.**Use perclass_regression**—This is a boolean that specifies whether to use separate coordinate regressors for each class, or one set for all classes. Per-class regression refers to the process of using separate box coordinate regressors for each class in the dataset. This means that for each object class, there is a dedicated set of regression parameters that are learned during the training process to predict the bounding box coordinates (e.g., x, y, width, and height) specific to that class.**Anchor ratios**—Anchor boxes are predefined bounding boxes of different shapes and sizes that act as reference templates for detecting objects of various scales and aspect ratios in an image. The anchor ratios refer to the width (w) to height (h) ratios of these anchor boxes. They determine the shape of the anchor boxes, allowing the object detector to handle objects with different aspect ratios effectively.**Use focal_loss**—This is a boolean that specifies whether to use focal loss during training or Online Hard Example Mining (OHEM). Focal loss is a modification of the standard cross-entropy loss that addresses the issue of class imbalance during training. It introduces a modulating factor to downweight the contribution of easy examples while focusing more on hard examples. OHEM is a technique used to alleviate the problem of class imbalance by focusing on challenging samples during training. Instead of using all samples in a batch, OHEM selects the hardest examples (e.g., the ones with the highest loss) and only uses those for backpropagation. By doing so, it gives more importance to the difficult examples, which can lead to more effective learning, especially when dealing with a large number of easy background samples.**Per item_lrate**—This is the initial learning rate per item; it's the rate that the model weights are changed per item. The**lrate**(learning rate) is a tuning parameter in an optimization algorithm that determines the step size at each iteration while moving toward a minimum of a loss function. The overall learning rate (per step) is calculated by`lrate = batch_size * per_item_lrate`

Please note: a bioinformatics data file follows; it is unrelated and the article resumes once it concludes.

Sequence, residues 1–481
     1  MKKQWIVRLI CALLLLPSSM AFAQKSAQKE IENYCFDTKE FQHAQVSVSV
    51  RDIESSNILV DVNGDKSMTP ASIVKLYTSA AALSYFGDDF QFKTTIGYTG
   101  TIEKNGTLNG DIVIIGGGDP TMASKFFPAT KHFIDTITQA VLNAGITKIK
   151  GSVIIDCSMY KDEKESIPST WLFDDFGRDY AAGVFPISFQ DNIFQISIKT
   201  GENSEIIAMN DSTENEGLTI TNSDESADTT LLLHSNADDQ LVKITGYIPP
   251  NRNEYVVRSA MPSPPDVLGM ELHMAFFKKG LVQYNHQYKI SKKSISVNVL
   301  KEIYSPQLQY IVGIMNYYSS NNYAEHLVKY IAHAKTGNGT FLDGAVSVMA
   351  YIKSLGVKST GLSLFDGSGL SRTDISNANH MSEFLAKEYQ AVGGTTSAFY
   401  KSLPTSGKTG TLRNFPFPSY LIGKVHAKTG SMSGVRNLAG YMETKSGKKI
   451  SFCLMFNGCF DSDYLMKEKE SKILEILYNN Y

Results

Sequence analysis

. The minimum value it supports for customization is`0.0`